On motion of the defendants, the District Court certified Order # 550 for interlocutory appeal pursuant to 28 U.S.C. § 1292(b). That section provides for interlocutory appeal where a district judge has certified that “an order not otherwise appealable … involves a controlling question of law as to which there is substantial ground for difference of opinion and that an immediate appeal from the order may materially advance the ultimate termination of litigation….” Under § 1292(b), the Court of Appeals may then decide whether to permit the appeal to be taken from such order. In the present case, we allowed the appeal.

II. Analysis
        A. Scope of Review
        At the outset, the Government urges that our review should be limited to the narrow question of whether the disgorgement it seeks is consistent with the standards of Carson, not whether disgorgement vel non is an available remedy under civil RICO. The Government bases this argument on the theory
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that the order on appeal-that is the memorandum order denying “defendants’ motion for partial summary judgment dismissing the Government’s disgorgement claim”-was reiterating a prior order on the general question of availability of disgorgement Further, the Government argues, the order spoke anew only to the measure of disgorgement, assuming such disgorgement to be otherwise available. In support of its proposed limitation of our review, the Government relies upon Yamaha Motor Corp., USA v. Calhoun, 516 U.S. 199, 116 S.Ct. 619, 133 L.Ed.2d 578 (1996). In Yamaha, the Supreme Court dealt with the breadth of review properly conducted by a court of appeals under 28 U.S.C. § 1292(b). Id. at 204, 116 S.Ct. 619. The Government selectively quotes from Yamaha the sentence that, “The court of appeals may not reach beyond the certified order to address others made in the case.” Id. at 205, 116 S.Ct. 619. Based on this sentence, the Government then argues that because the first order denying a motion to dismiss had dealt with the question of the availability of disgorgement, this certified interlocutory review of the subsequent summary judgment order is restricted to the new theory considered by the court on that occasion-that the disgorgement the Government pursued exceeded the standard available for such disgorgement as set by the Second Circuit in Carson.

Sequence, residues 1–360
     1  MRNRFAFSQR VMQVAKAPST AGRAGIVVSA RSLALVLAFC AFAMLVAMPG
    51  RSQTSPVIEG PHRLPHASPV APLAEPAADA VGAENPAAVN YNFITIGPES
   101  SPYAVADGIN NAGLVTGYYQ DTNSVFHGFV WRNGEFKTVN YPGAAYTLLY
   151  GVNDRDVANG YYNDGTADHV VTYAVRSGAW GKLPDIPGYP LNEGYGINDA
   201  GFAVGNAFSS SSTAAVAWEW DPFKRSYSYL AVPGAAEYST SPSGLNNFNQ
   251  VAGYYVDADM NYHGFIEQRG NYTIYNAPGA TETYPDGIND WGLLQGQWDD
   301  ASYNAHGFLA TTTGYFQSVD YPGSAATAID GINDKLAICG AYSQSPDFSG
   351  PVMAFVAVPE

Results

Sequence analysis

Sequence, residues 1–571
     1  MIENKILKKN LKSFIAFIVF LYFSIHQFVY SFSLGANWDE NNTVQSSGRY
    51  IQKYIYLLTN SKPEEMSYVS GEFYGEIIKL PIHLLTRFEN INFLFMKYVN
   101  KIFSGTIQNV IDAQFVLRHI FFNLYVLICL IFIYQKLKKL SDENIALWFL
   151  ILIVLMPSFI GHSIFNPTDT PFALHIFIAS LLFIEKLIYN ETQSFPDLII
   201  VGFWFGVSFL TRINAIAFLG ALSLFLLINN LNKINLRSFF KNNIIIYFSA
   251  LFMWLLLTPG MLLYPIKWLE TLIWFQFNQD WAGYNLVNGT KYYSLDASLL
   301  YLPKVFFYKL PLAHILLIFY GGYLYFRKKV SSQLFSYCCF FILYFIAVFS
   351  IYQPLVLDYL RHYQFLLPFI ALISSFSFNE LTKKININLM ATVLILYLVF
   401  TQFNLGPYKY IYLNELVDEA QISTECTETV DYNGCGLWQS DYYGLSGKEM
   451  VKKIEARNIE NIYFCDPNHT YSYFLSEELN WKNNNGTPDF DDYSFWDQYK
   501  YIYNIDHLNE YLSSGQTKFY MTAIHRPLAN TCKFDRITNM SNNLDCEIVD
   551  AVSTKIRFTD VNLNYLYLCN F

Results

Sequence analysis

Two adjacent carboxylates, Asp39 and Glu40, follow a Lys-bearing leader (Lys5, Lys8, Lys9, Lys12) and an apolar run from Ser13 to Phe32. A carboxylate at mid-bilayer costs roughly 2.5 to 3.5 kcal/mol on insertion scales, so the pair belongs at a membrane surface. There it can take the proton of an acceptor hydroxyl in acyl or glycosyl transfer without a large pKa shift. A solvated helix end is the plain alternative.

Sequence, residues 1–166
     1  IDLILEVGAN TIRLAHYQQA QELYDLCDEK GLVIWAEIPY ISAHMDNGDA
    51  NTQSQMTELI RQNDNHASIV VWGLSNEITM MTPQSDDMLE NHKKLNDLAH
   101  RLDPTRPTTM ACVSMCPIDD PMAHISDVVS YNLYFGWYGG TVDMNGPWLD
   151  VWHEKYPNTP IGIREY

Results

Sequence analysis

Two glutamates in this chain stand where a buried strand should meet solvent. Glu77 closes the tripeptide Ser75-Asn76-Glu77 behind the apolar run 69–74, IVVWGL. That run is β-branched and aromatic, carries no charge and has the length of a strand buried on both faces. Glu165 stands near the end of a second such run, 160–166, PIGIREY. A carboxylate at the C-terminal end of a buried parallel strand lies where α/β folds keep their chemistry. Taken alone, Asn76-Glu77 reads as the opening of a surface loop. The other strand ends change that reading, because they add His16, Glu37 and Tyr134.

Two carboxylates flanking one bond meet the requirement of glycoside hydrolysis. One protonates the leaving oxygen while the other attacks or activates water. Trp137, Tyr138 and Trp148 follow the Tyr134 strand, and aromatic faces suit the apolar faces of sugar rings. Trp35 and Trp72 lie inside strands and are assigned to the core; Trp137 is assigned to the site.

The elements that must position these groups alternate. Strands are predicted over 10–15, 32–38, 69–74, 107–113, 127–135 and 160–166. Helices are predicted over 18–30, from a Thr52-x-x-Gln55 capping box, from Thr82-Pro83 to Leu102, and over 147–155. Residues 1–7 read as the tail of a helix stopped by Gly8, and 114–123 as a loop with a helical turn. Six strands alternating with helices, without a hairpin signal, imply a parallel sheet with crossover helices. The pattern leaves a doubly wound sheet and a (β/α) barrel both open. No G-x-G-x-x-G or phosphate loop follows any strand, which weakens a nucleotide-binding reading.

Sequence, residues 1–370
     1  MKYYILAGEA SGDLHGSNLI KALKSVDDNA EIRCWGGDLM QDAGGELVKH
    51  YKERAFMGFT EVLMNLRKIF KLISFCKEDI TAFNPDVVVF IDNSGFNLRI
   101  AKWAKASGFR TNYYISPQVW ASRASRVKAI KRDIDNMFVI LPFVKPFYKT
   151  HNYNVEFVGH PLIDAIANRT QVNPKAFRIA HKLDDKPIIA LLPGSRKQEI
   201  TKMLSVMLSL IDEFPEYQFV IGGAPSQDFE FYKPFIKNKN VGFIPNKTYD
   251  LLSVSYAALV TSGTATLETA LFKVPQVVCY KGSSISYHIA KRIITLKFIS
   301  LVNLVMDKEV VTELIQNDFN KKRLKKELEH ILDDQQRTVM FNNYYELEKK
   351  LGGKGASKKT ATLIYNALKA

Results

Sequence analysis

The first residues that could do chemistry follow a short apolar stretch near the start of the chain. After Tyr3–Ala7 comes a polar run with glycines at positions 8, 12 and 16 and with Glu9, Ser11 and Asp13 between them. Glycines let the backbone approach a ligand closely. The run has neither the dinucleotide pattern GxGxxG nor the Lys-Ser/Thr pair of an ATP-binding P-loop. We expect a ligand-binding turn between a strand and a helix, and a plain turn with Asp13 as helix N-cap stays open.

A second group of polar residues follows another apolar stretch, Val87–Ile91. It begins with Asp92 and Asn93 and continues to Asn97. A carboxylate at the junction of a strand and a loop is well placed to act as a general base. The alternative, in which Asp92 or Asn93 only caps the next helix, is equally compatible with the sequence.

Unfortunately for the Government’s position, the Yamaha opinion did not end with the sentence upon which the Government relies. The Supreme Court went on to say in the same paragraph: “But the appellate court may address any issue fairly included within the certified order because `it is the order that is appealable, and not the controlling question identified by the district court.’” Id. (emphasis in original) (quoting 9 J. MOORE & B. WARD, MOORE’S FEDERAL PRACTICE § 110.25[1] at 300 (2d ed.1995) and citing 16 C. Wright, A. Miller, E. Cooper, & E. Greshman, Federal Practice & Procedure § 3929 at 144-45 (1977)). Appellants’ motion below was for “Summary Judgment Dismissing the Government’s Disgorgement Claim,” and granting this motion would have resulted in complete dismissal of the Government’s claim for disgorgement with prejudice. See Appellee’s App. at 19, 79. Thus the District Court’s denial was on the question of whether disgorgement would be allowed at all, and we may review it as such regardless of the grounds the District Court gave for its decision.

In the memorandum accompanying its denial of this motion, evidencing an accurate understanding of the summary judgment standard provided by Rule 56 of the Federal Rules of Civil Procedure, the District Court noted that “summary judgment is appropriate if the pleadings, depositions, answers to interrogatories, and admissions on file, together with the affidavits, if any, show that there is no genuine issue as to any material fact and that the moving party is entitled to judgment as a matter of law.” Philip Morris, 321 F.Supp.2d at 74 (citing Fed. R. Civ. P. 56(c)).

 Significantly, the court further noted that “Defendants argue that any disgorgement which might be ordered upon a finding of liability must be limited by both the text of Section 1964(a) itself and the holding in United States v. Carson … interpreting that section.” Philip Morris, 321 F.Supp.2d at 74 (emphasis added). Thus the court clearly implied the possibility that none might be ordered, and that statutory issues outside Carson were before the court.

 B. The Availability of Disgorgement
        The Government argues that § 1964 contains a grant of equitable jurisdiction that must be read broadly to permit disgorgement in light of Porter v. Warner Holding Co., 328 U.S. 395, 66 S.Ct. 1086, 90 L.Ed. 1332 (1946), and its progeny. The Porter Court considered reimbursement awards under the Emergency Price Control Act of 1942 (“EPCA”) and concluded that where a statute grants general equitable jurisdiction to a court, “all the inherent equitable powers … are available for the proper and complete exercise of that jurisdiction.” Porter, 328 U.S. at 398, 66 S.Ct. 1086. This grant is only to be limited when “a statute in so many words, or by a necessary and inescapable inference, restricts the court’s jurisdiction.” Id. In this case the text and structure of the statute provide just such a restriction.
        As the Supreme Court has repeatedly observed: “Federal courts are courts of limited jurisdiction. They possess only that power authorized by Constitution and statute, which is not to be expanded by judicial decree.” Kokkonen v. Guardian Life Ins. Co. of America, 511 U.S. 375, 377, 114 S.Ct. 1673, 128 L.Ed.2d 391 (1994) (citations omitted).